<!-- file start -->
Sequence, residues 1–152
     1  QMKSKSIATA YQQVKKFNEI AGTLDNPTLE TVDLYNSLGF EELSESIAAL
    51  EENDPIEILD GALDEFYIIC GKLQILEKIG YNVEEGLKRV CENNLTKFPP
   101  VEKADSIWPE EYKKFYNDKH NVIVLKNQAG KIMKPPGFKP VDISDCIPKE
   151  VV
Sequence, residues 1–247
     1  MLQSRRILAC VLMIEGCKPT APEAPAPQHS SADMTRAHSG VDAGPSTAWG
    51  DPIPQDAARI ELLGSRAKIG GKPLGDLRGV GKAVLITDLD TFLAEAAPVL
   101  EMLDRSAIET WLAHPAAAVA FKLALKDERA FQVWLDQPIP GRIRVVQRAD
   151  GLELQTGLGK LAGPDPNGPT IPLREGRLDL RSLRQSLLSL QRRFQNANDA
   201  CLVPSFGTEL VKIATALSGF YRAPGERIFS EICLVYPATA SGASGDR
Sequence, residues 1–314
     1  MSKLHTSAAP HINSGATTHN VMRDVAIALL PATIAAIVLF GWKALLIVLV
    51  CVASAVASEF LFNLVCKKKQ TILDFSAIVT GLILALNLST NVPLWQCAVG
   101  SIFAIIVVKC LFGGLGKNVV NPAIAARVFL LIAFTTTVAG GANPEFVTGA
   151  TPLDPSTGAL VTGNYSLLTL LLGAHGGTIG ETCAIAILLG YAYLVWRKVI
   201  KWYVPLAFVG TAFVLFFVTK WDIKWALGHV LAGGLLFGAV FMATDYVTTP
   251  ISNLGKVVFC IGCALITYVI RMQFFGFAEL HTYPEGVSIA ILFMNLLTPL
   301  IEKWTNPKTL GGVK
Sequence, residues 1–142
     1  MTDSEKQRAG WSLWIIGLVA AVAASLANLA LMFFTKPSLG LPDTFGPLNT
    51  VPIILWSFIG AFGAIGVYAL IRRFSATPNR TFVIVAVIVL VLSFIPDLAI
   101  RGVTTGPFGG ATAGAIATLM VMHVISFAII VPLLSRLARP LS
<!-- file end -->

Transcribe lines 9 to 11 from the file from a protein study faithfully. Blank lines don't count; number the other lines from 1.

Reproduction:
   101  EMLDRSAIET WLAHPAAAVA FKLALKDERA FQVWLDQPIP GRIRVVQRAD
   151  GLELQTGLGK LAGPDPNGPT IPLREGRLDL RSLRQSLLSL QRRFQNANDA
   201  CLVPSFGTEL VKIATALSGF YRAPGERIFS EICLVYPATA SGASGDR